At 7.00 am on 30 March armed members of the PSNI forcibly entered the building in which the Pat Finucane Centre is based (the Pat Finucane Centre runs a major website on Northern Ireland policing controversies and can be found at The purpose allegedly was to search the offices of Tar Abhaile, on the floor above the PFC. A private flat on the ground floor was also entered. PFC, when they arrived at work at 9.00 am, were denied access to their office. They contacted two members of the management committee who were also denied access to the building on the grounds that they were “likely to interfere with the search”. Later that day it emerged that the offices of Cúnamh, a victims support group which has helped numerous families of those killed or wounded on Bloody Sunday, were also raided and personal and confidential information relating to the families were taken. Other raids were carried out in Belfast leading to the arrest of four men and one woman. One of those arrested was a civilian worker from a loyalist estate in East Belfast. A West Belfast Sinn Féin MLA member immediately condemned the arrests and raids as “ridiculous” and “highly” provocative. There were more arrests on 4 April and PSNI have threatened further raids.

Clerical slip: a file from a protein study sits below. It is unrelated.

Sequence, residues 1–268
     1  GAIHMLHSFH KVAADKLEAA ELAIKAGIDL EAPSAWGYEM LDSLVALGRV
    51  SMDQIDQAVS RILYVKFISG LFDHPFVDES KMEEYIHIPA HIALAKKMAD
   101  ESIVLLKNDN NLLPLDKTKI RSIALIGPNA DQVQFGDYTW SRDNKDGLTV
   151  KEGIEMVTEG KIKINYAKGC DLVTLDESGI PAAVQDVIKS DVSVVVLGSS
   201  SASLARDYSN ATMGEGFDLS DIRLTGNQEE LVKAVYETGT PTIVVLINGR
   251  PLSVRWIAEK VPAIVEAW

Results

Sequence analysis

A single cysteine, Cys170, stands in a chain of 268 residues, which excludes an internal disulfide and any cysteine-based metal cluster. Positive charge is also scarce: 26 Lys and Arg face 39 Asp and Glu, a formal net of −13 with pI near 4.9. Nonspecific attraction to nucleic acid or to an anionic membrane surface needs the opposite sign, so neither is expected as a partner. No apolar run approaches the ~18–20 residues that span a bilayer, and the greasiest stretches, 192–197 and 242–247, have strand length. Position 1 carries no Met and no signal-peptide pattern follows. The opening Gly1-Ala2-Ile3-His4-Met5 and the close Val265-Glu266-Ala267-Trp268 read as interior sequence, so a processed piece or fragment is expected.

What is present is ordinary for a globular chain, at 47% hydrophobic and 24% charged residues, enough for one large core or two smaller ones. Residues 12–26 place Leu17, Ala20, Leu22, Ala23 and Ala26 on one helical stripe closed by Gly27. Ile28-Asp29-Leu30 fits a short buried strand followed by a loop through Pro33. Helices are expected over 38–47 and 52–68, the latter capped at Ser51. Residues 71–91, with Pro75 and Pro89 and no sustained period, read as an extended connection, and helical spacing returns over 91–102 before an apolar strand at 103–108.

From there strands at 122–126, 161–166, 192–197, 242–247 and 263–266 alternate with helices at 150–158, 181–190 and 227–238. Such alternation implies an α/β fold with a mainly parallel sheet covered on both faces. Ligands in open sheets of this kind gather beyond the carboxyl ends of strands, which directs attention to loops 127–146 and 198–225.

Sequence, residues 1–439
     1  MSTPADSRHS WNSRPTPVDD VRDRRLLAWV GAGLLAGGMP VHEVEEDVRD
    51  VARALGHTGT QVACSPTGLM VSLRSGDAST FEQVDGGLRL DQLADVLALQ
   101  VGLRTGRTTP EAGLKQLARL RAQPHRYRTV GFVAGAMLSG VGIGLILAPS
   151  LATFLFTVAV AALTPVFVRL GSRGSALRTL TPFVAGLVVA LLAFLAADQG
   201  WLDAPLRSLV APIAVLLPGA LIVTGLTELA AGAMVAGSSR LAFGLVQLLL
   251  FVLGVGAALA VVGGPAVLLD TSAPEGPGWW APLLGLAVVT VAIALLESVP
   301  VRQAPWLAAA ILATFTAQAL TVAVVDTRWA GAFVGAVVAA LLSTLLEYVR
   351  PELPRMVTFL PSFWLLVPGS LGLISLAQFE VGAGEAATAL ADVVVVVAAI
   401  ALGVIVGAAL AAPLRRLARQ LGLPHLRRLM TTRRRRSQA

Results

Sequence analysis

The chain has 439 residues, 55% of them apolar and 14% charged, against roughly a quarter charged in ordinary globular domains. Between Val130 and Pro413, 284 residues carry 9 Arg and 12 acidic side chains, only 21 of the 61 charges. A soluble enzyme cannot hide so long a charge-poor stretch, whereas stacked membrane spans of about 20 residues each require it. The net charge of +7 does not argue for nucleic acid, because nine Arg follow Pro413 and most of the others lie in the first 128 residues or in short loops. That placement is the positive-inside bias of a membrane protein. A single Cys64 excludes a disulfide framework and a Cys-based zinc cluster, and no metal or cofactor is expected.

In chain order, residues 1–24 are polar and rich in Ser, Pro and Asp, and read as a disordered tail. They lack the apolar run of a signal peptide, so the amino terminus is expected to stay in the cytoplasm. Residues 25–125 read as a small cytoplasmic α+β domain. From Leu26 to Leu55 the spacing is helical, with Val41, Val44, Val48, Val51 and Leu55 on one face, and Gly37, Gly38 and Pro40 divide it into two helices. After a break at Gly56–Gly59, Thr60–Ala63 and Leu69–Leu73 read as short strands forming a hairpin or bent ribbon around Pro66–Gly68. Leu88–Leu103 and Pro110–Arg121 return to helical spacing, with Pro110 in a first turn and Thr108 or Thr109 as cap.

Eight of the nine people detained were subsequently released. One man from the New Lodge area of Belfast was subsequently charged with possessing documents containing information which could be useful to terrorists planning or carry out an act of violence, contrary to the Terrorism Act 2000. For a couple of weeks, no details were given about the documents and police sources briefed that they were not linked to the Castlereagh break-in.[5]

The Guardian also highlighted a series of police raids that took place during the investigation:

In the weeks after the March 17 raid, the security services pointed the finger at republican paramilitaries, believing it was an audacious attempt to expose informants and embarrass the Police Service of Northern Ireland, formerly the Royal Ulster Constabulary. Republicans were outraged when police and soldiers swooped on 12 homes and business premises in Belfast and Derry, arresting six people, including the former IRA hunger striker Raymond McCartney and Bobby Storey, whom security sources claim is the IRA's head of intelligence. [6]

Focus turns to IRA

The BBC's security correspondent reported on 19 April that the police investigation had initially focussed on the widely held theory of an inside job.

At first, we were told by police sources the break-in had all the appearance of an "inside job" as those involved had an "amazing degree of knowledge" about the Castlereagh building.
The intruders knew that room "two-twenty" had been re-located just a few days earlier because of refurbishment work at the complex and they felt comfortable walking the corridors of this police headquarters.